The Empowerment Plan

This story about an amazing young social entrepreneur who is changing the lives of homeless people in Detroit is wonderful inspiration to encourage everyone to take action on behalf of the over 600,000 people who experience homelessness on any given night in the United States.

Veronika Scott was a fashion student at the College for Creative Studies in Detroit when her teacher, Stephen Schock, challenged her class to create a product that filled a need, rather than satisfying or creating a fad. Veronika’s design was a coat for homeless people that could transform into a sleeping bag, since in her city, she says, “you are constantly faced with the homeless epidemic.”

Not only did her design win a 2011 International Design Excellence Award from the Industrial Designers Society of America, it’s now become the core of Veronika’s nonprofit organization, The Empowerment Plan, which hires people from homeless shelters and transition homes to help her make the coats.

Veronika originally designed the coats seeking input from people at a homeless shelter. After receiving feedback from people who used the prototype over a Detroit winter, she refined the design to create her final version which, in addition to being a waterproof and windproof coat and sleeping bag, also transforms into an over-the-shoulder bag with storage in the arm sockets.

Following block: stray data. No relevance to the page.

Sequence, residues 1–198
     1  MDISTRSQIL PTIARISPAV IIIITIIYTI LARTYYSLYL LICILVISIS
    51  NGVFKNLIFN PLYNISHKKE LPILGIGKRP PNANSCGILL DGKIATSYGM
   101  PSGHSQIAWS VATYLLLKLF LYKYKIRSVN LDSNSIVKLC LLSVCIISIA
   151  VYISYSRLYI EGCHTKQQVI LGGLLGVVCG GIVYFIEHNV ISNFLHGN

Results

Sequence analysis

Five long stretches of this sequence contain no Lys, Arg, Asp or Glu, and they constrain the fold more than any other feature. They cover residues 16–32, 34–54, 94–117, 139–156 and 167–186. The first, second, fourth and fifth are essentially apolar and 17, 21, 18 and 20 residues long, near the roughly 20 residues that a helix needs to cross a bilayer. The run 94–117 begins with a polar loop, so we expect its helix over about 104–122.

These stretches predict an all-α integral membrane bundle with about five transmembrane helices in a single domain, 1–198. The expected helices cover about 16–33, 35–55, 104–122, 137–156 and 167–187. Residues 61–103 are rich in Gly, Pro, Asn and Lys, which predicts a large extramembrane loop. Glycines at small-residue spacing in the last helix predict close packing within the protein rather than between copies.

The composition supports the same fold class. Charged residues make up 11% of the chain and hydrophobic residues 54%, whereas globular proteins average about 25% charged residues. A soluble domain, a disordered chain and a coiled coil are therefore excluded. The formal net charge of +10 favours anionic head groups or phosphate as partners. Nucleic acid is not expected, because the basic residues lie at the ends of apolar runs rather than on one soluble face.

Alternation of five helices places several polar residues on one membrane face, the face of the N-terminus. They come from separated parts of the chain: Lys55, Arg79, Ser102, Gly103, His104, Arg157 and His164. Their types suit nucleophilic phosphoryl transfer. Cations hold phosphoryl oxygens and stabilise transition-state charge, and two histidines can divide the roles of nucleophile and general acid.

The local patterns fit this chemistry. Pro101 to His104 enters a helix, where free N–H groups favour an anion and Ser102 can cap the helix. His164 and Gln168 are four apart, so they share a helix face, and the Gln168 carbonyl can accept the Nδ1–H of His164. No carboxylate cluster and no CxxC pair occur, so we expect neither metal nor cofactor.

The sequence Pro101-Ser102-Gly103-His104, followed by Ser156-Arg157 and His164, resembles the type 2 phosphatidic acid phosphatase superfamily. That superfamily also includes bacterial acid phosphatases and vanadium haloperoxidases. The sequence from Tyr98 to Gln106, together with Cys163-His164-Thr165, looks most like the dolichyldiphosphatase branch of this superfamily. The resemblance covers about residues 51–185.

By year’s end, Veronika and her employees at The Empowerment Plan hope to make 600 coats a month to be distributed free of charge to people living on the streets. That’s twice as many as they currently make but the 23-year-old social entrepreneur knows her employees are up to the challenge.

“Everybody told me that my business was going to fail — not because of who I was giving my product to but because of who I was hiring,” Veronika shared. “They said that these homeless women will never make more than a peanut butter and jelly sandwich — you cannot rely on them for anything. And I know my ladies enjoy proving everybody wrong.”